Tuesday, December 27, 2005


Lola (1981) is Rainer Werner Fassbinder's take on that classic monolith of German cinema, The Blue Angel, in which an upright schoolteacher is seduced and ruined by a conniving cabaret singer named Lola, played by Marlene Dietrich. Fassbinder shifts the setting to 1950s Germany, during the "economic miracle" in which Germany rebounded from the war. And he makes the seduction of the "pillar of rectitude" by the singer-prostitute more morally ambiguous.

It's the third in Fassbinder's "BRD" trilogy about the post-war period in Germany: the others being Veronika Voss and the Marriage of Maria Braun. Like those two films, Lola centers on a female character and the whirlwind of circumstances that swirl around her. The story is told in the garish poster-art primary colors of vintage Douglas Sirk and Vincente Minnelli melodramas, belying the sleazy deals and sordid goings-on underneath the surface.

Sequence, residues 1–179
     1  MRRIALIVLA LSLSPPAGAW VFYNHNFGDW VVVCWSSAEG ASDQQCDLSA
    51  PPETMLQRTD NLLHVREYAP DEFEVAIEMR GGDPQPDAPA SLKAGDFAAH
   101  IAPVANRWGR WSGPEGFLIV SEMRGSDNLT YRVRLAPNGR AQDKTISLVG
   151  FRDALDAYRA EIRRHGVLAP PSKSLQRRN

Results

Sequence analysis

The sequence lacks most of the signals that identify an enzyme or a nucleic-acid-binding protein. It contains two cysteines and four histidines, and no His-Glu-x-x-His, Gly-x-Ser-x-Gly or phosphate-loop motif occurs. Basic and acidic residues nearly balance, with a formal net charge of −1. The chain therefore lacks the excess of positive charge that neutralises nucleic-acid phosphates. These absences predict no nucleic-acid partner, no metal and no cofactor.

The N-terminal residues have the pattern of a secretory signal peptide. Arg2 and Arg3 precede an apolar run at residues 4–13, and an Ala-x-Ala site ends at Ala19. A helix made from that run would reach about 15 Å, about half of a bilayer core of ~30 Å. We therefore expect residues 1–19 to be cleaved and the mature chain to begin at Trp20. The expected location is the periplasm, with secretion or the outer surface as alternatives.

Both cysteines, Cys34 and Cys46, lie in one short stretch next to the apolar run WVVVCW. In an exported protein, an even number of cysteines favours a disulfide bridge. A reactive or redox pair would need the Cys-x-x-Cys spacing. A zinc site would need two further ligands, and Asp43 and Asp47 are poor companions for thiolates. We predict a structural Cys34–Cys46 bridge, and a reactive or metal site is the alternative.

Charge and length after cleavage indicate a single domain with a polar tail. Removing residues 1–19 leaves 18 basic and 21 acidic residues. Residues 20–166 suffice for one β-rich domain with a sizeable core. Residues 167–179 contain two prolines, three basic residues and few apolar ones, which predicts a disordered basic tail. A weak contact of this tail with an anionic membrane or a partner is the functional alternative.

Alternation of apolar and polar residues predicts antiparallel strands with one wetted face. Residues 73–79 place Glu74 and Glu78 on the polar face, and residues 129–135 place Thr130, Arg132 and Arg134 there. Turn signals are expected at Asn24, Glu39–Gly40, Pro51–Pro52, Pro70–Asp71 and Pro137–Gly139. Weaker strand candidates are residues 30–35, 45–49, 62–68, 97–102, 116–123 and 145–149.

Although the story is somewhat discursive, Fassbinder never takes a false step. At times, his films can seem less like cinema and more like theater, and I mean that in the best possible way. His films share the theater's intimacy, complexity and ambiguity. It's as if a superlative theater company had somehow gotten hold of film equipment, which actually isn't far from the truth. The casts in Fassbinder's film are comprised primarily of actors from his theater troupe, in existence before and during his film career. His films always retain something of the theater's purity, clarity and purpose.

All in all, another great piece in the tremendous output of the prolific Fassbinder.

FilmStocker Rating: A


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